Leiden, the Netherlands - A retrospective, single-center experience supports post hoc analyses of two major randomized trials in finding that inappropriate implantable cardioverter defibrillator (ICD) shocks increase all cause mortality. Moreover, the risk increased the more inappropriate shocks patients experienced, according to the analysis of 1544 patients with ICDs featuring electrogram storyage, from different manufacturers, implanted for either primary or secondary prevention from 1996-2006.
	
  

Chest Compression-Decompression Devices Boost Survival in Trial

Roseville, MN - A pair of devices for assisting paramedics performing cardiopulmonary resuscitation (CPR) for out-of-hospital cardiac arrest can raise the patient's chances of discharge with good neurologic function, suggests a randomized trial published this week [1].

January 24th

San Ramon Fire Department Launches App to Help Save Lives

 

SAN RAMON, CA – In the spirit of “Gov 2.0” the San Ramon Valley Fire Protection District (SRVFPD) announced the release of an innovative new location-aware iPhone application today. The new app empowers everyday citizens to provide life-saving assistance to victims of Sudden Cardiac Arrest (SCA). Application users who have indicated they are trained in cardiopulmonary resuscitation (CPR) can now be notified if someone nearby is having a cardiac emergency and may require CPR.

If the cardiac emergency is in a public place, the application, using sophisticated GPS technology, will alert citizens in the vicinity of the need for CPR. The application also directs these citizen rescuers to the exact location of the closest public access Automated External Defibrillator (AED).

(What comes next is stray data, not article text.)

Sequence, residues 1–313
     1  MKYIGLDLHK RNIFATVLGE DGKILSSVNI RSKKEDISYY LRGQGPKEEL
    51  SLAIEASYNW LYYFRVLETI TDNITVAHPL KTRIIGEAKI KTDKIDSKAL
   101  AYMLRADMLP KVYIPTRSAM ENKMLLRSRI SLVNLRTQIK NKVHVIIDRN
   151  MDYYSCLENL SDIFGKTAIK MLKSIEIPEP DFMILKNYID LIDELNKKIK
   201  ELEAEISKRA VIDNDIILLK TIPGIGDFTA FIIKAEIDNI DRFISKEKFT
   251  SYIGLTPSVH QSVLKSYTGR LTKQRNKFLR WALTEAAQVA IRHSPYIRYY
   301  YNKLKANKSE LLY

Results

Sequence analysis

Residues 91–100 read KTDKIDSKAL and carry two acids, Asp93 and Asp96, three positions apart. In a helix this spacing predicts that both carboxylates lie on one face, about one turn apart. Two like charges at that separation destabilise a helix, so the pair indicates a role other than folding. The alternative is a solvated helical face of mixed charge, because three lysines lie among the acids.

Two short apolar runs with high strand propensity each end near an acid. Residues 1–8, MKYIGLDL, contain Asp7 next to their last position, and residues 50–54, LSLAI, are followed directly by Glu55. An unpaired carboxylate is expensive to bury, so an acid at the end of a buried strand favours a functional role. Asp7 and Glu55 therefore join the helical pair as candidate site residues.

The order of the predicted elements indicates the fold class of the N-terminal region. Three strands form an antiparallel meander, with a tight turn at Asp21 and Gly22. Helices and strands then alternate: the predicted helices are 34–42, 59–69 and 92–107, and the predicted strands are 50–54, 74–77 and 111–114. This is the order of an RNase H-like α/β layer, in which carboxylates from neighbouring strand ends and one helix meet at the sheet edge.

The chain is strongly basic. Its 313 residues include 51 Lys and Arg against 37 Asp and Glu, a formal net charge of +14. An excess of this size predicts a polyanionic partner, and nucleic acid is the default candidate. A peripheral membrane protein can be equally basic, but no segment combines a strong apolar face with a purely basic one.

January 21st

My Life Has Changed a Lot

Raymond White, Kearney, NE – 45 at time of event (2009)

[Raymond has no recollection of his SCA event and is reliant upon his wife for the following details]

On November 6th, 2009 my husband suffered a sudden cardiac arrest.

We got up as usual, had coffee, and planned to go out to eat breakfast. We had gone upstairs to get dressed when I heard him breathing deeply and moaning.

I found him laying on the bed sweating profusely, short of breath and severe chest discomfort radiating down his right arm. I immediately got him downstairs and had my son sit with him while I finished getting dressed. I knew calling EMS would take longer than me driving him into town.

AED Access for All

Mary Tappe, West Des Moines, IA – 43 at time of event (2004)

Mary Tappe

On Monday, May 17, 2004 I was running late to a meeting at work. As I was sitting down, my friend Rick made a smart-alec comment about my being late, I gripped my pen, and BAM, my head hit the desk. My co-workers waited for me to sit up with a retort, but I didn’t. I was not breathing. I had no pulse.

Mission & Vision

The mission of the Sudden Cardiac Arrest (SCA) Foundation is to prevent death and disability from sudden cardiac arrest. The vision of the SCA Foundation is to increase awareness about sudden cardiac arrest and influence attitudinal and behavioral changes that will reduce mortality and morbidity from SCA.